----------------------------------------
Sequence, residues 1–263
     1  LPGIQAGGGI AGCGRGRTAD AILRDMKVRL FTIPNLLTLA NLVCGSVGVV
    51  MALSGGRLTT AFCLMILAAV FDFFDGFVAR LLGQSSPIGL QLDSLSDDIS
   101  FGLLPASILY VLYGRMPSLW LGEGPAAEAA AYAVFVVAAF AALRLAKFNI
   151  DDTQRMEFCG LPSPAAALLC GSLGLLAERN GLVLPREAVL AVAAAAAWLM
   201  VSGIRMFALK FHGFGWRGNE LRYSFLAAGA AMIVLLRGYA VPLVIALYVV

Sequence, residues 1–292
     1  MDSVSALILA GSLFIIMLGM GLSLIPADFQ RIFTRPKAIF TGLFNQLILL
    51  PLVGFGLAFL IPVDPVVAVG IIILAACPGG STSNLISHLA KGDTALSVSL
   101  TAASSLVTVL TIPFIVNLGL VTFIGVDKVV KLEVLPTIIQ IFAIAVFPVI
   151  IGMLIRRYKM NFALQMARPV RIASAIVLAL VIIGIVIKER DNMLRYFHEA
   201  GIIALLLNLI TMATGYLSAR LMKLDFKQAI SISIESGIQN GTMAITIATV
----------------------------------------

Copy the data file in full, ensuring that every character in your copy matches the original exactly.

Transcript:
Sequence, residues 1–263
     1  LPGIQAGGGI AGCGRGRTAD AILRDMKVRL FTIPNLLTLA NLVCGSVGVV
    51  MALSGGRLTT AFCLMILAAV FDFFDGFVAR LLGQSSPIGL QLDSLSDDIS
   101  FGLLPASILY VLYGRMPSLW LGEGPAAEAA AYAVFVVAAF AALRLAKFNI
   151  DDTQRMEFCG LPSPAAALLC GSLGLLAERN GLVLPREAVL AVAAAAAWLM
   201  VSGIRMFALK FHGFGWRGNE LRYSFLAAGA AMIVLLRGYA VPLVIALYVV

Sequence, residues 1–292
     1  MDSVSALILA GSLFIIMLGM GLSLIPADFQ RIFTRPKAIF TGLFNQLILL
    51  PLVGFGLAFL IPVDPVVAVG IIILAACPGG STSNLISHLA KGDTALSVSL
   101  TAASSLVTVL TIPFIVNLGL VTFIGVDKVV KLEVLPTIIQ IFAIAVFPVI
   151  IGMLIRRYKM NFALQMARPV RIASAIVLAL VIIGIVIKER DNMLRYFHEA
   201  GIIALLLNLI TMATGYLSAR LMKLDFKQAI SISIESGIQN GTMAITIATV